If you’re going the DIY route, fine. Lots of home improvement projects can be done without a professional. But keep in mind, you can still say ‘I did it myself’ and ask a buddy or two to help. It makes the project go faster, it’s a bonding time, and it gives you extra sets of eyes and an excuse to crack open a beer or two to celebrate when the work is done.

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Be safe
It can’t be said enough: be safe. When making home improvements, following recommended safety standards is best. That includes shutting off power when working with electricity, proper tool use, ladder safety and keeping a tidy work area to help avoid falls. A trip to the local emergency room for you or your helpers will not make the project fun or go by fast.

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Don’t Get Scammed

Follow these tips when choosing a contractor:

  • Get recommendations: Use your friends, family and neighbors as resources. If they’ve used a contractor or handyman in the past and approve of the person or company’s work, pay attention to the endorsement. On the other hand, avoid contractors who contact you unsolicited, and don’t hire someone based solely on an ad or coupon.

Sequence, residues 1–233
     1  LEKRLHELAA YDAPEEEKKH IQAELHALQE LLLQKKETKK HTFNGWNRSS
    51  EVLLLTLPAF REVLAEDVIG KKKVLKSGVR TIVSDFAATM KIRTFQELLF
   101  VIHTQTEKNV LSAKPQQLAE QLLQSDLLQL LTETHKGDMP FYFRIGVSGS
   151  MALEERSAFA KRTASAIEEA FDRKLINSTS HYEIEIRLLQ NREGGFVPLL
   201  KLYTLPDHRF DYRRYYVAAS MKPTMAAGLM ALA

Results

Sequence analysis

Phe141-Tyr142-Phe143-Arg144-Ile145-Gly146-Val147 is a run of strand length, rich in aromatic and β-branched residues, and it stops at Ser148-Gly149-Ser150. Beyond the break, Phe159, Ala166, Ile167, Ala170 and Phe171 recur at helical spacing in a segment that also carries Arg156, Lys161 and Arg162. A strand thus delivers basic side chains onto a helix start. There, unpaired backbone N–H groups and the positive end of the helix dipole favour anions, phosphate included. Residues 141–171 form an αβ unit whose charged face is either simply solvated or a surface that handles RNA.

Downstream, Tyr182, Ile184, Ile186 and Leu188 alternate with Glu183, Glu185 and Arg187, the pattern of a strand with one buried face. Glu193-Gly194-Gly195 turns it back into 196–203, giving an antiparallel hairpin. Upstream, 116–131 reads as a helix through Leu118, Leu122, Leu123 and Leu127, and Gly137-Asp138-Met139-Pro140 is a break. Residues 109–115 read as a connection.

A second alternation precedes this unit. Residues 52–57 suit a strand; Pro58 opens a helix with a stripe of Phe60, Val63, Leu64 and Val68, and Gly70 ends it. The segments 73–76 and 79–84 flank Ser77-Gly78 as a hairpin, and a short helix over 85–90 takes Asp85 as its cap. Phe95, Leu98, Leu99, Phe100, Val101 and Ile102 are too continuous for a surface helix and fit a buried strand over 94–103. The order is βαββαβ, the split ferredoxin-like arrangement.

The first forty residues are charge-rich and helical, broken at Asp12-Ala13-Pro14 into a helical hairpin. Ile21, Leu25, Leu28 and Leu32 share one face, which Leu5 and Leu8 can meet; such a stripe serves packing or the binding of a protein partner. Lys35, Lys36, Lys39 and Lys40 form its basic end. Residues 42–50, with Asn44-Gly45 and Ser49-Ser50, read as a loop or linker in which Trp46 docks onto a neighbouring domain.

• See what others are saying: A quick Internet search should yield plenty of reviews for home improvement companies and even individual workers. If the reviews are negative or lukewarm, find another company. Also, check with the Better Business Bureau for complaints.
  • Check credentials: Especially in this area where undocumented workers can be common, be sure the workers you hire are licensed, bonded and insured. That will help protect you from unnecessary liability.
  • Ask for references: Call the contractor’s previous customers and ask if they were satisfied with the work. Go out and look at the work for yourself if possible.
  • Get multiple bids: Before hiring a contractor, get at least three written estimates for your project. If prices differ by a wide margin, consider obtaining additional bids. Beware of any bid that is substantially lower than the others; it may indicate the contractor made a mistake or didn’t include all of the work requested.
  • Ask for everything in writing: Nothing is a done deal until it is put onto paper. Don’t agree orally to a price or to details about the project, as that could lead to misunderstandings later.
  • Know your rights: Under federal law, you have three days to cancel most contracts that are signed in your home or outside the contractor’s regular place of business.